In my last post, I expressed my distaste for New Year’s Resolutions and resolved to make Life Goals instead. Well here we are, three months into the year, and I must say it feels great not having any resolutions to upkeep. By extending the deadlines for my goals from one year to one lifetime, I feel less pressured to be working on them every day. I feel no guilt in spending three months inactively working towards my goals, because what is three months when I’m going to live until I’m 104 (I really want to live in three different centuries. How’s that for a life goal?)? But I won’t have a blog a century from now (at least I don’t think I will…), so let’s analyse the first quarter of my year.
I told myself at some point in the last six months that I was going to make a greater effort to be social and that I was going to put more effort into my relationships. Because I’m an extremely shy and awkward human being, the whole reaching-out-and-making-new-friends thing didn’t go too well. I’ve met plenty of people in the last six months, but I only consider four of them to be friends. At first, that number really bothered me. ‘I can count my friends on one hand,’ I’d say to myself. ‘How pathetic.’ And then I realised that I was considering quantity and not quality. Each of those persons is wonderfully encouraging and interesting and they are the people I call on a Wednesday night and meet at a bar three hours away on a whim. There are dozens of people whom I have the privilege of enjoying the company of, whom I chat with at work or on the way to class, but these four people became my coffee mates, my drinking buddies, my hiking pals.
So what am I getting at? In previous years, I’ve tended to avoid social interactions for fear of not knowing the right things to say or not fitting in, etc., but the more time I spent with these people, the less I worried about those things. My overall mental health improved. Anxiety was reduced and an overall feeling of joy replaced my former fearfulness. This encouraged me to spend even more time with them, strengthening our relationships further. It encouraged me to reach out to people I had lost contact with and to seek new relationships. My point here isn’t just that having friends is a blessing and I’m so grateful for every person in my life, although that point does pay a lot of rent. I want to emphasise the nowness of it all. For ages, I’d put off facing my discomfort in social settings. I knew for a fact that if I practised at it, I’d eventually become more comfortable, but it was facing the temporary discomfort that pushed me away. So although I still encourage any one reading this to not constrain themselves to a year-long resolution, don’t use the life-long alternate as a fancy way of procrastinating your goals. Because if you keep procrastinating, waiting for some day in the future, eventually you’ll reach your last day and still be waiting. And if you’re like me and are putting off social interaction, you’ll end up spending that last day alone.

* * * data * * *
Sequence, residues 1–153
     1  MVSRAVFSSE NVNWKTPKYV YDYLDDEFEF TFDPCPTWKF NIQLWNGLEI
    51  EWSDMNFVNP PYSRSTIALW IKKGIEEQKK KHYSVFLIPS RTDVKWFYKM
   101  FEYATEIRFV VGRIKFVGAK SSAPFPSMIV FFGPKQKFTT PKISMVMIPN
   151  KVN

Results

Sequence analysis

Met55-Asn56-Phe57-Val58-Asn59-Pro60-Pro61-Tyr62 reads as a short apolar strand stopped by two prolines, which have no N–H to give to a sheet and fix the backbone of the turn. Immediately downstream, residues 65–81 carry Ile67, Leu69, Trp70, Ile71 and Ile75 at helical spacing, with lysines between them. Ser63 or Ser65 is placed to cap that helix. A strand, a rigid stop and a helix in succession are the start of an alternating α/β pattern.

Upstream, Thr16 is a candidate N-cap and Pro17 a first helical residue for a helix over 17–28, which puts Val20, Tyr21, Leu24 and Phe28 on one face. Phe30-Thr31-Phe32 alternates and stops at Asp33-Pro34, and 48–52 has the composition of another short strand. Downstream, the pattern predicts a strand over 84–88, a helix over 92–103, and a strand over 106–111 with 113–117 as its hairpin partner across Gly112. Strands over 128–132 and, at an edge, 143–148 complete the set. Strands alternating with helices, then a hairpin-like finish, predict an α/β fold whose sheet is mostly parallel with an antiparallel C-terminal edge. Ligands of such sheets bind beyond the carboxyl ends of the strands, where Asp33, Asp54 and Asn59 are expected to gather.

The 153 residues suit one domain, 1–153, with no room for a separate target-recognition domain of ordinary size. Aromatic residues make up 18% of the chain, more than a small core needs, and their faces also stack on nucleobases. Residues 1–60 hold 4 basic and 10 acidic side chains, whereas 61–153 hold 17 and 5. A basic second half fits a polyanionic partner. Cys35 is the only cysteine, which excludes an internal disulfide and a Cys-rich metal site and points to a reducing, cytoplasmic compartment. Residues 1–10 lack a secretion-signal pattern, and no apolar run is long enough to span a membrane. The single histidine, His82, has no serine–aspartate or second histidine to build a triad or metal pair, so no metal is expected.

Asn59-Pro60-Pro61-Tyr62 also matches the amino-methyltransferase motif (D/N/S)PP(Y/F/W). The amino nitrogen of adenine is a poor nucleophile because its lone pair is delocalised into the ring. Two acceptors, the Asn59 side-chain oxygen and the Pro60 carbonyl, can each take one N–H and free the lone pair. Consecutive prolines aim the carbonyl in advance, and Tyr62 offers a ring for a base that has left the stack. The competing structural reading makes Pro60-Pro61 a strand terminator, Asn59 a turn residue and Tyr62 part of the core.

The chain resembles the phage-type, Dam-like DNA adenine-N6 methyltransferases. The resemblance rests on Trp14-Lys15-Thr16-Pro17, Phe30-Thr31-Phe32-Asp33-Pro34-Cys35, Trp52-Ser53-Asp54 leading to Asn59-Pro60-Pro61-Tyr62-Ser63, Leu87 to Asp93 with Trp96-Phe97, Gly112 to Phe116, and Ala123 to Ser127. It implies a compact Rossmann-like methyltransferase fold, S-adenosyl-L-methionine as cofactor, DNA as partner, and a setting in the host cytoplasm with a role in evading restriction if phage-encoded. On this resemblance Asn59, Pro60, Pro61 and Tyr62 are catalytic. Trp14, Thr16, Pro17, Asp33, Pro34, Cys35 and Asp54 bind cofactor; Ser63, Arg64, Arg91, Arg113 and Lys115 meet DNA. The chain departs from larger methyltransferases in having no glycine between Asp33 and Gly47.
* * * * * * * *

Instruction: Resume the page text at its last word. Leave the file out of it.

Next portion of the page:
Inspired by the ever wonderful Minimalists’ video